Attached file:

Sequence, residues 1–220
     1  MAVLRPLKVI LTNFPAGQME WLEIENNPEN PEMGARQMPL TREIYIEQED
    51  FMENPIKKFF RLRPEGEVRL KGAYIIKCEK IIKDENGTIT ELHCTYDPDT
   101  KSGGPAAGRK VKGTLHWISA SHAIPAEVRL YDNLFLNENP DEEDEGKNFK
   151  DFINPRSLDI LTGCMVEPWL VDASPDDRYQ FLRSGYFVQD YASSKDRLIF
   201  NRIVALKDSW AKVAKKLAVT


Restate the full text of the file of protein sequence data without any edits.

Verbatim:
Sequence, residues 1–220
     1  MAVLRPLKVI LTNFPAGQME WLEIENNPEN PEMGARQMPL TREIYIEQED
    51  FMENPIKKFF RLRPEGEVRL KGAYIIKCEK IIKDENGTIT ELHCTYDPDT
   101  KSGGPAAGRK VKGTLHWISA SHAIPAEVRL YDNLFLNENP DEEDEGKNFK
   151  DFINPRSLDI LTGCMVEPWL VDASPDDRYQ FLRSGYFVQD YASSKDRLIF
   201  NRIVALKDSW AKVAKKLAVT